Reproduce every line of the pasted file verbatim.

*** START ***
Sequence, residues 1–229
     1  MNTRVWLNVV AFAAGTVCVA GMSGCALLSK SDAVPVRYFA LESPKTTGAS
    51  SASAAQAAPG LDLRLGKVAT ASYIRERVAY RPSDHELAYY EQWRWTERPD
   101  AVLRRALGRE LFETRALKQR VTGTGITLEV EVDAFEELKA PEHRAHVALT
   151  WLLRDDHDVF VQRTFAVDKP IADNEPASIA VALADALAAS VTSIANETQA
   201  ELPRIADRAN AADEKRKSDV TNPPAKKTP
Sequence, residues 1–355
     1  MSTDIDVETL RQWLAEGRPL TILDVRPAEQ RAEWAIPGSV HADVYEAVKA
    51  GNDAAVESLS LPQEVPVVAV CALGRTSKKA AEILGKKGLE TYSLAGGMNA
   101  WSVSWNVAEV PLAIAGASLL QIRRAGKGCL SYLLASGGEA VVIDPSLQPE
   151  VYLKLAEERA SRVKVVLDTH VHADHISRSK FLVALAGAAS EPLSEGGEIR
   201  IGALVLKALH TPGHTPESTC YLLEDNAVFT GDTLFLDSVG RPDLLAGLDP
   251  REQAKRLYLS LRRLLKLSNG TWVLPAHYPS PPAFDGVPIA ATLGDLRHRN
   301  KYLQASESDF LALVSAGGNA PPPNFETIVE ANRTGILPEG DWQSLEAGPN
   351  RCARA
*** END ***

Sequence, residues 1–229
     1  MNTRVWLNVV AFAAGTVCVA GMSGCALLSK SDAVPVRYFA LESPKTTGAS
    51  SASAAQAAPG LDLRLGKVAT ASYIRERVAY RPSDHELAYY EQWRWTERPD
   101  AVLRRALGRE LFETRALKQR VTGTGITLEV EVDAFEELKA PEHRAHVALT
   151  WLLRDDHDVF VQRTFAVDKP IADNEPASIA VALADALAAS VTSIANETQA
   201  ELPRIADRAN AADEKRKSDV TNPPAKKTP
Sequence, residues 1–355
     1  MSTDIDVETL RQWLAEGRPL TILDVRPAEQ RAEWAIPGSV HADVYEAVKA
    51  GNDAAVESLS LPQEVPVVAV CALGRTSKKA AEILGKKGLE TYSLAGGMNA
   101  WSVSWNVAEV PLAIAGASLL QIRRAGKGCL SYLLASGGEA VVIDPSLQPE
   151  VYLKLAEERA SRVKVVLDTH VHADHISRSK FLVALAGAAS EPLSEGGEIR
   201  IGALVLKALH TPGHTPESTC YLLEDNAVFT GDTLFLDSVG RPDLLAGLDP
   251  REQAKRLYLS LRRLLKLSNG TWVLPAHYPS PPAFDGVPIA ATLGDLRHRN
   301  KYLQASESDF LALVSAGGNA PPPNFETIVE ANRTGILPEG DWQSLEAGPN
   351  RCARA